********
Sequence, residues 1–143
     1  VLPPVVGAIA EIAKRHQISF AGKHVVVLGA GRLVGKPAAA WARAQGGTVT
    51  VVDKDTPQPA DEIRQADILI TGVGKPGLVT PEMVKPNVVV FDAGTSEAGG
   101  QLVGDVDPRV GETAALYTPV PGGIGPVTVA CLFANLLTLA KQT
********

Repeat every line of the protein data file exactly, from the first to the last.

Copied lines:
Sequence, residues 1–143
     1  VLPPVVGAIA EIAKRHQISF AGKHVVVLGA GRLVGKPAAA WARAQGGTVT
    51  VVDKDTPQPA DEIRQADILI TGVGKPGLVT PEMVKPNVVV FDAGTSEAGG
   101  QLVGDVDPRV GETAALYTPV PGGIGPVTVA CLFANLLTLA KQT